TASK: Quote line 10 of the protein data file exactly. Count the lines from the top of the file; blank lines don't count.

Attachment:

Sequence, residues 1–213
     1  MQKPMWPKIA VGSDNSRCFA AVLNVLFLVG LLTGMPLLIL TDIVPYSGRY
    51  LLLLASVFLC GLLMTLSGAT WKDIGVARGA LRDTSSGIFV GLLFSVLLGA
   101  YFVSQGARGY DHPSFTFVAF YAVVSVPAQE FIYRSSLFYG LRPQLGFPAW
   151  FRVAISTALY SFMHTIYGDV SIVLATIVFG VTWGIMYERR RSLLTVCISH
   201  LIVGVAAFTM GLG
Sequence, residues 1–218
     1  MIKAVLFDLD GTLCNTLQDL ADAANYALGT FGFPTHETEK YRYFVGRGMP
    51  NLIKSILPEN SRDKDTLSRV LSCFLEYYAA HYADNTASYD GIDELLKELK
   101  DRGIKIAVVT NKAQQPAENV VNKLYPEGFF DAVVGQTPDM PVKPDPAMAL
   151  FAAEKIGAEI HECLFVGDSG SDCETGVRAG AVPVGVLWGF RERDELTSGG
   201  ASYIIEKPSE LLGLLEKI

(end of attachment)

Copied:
   101  DRGIKIAVVT NKAQQPAENV VNKLYPEGFF DAVVGQTPDM PVKPDPAMAL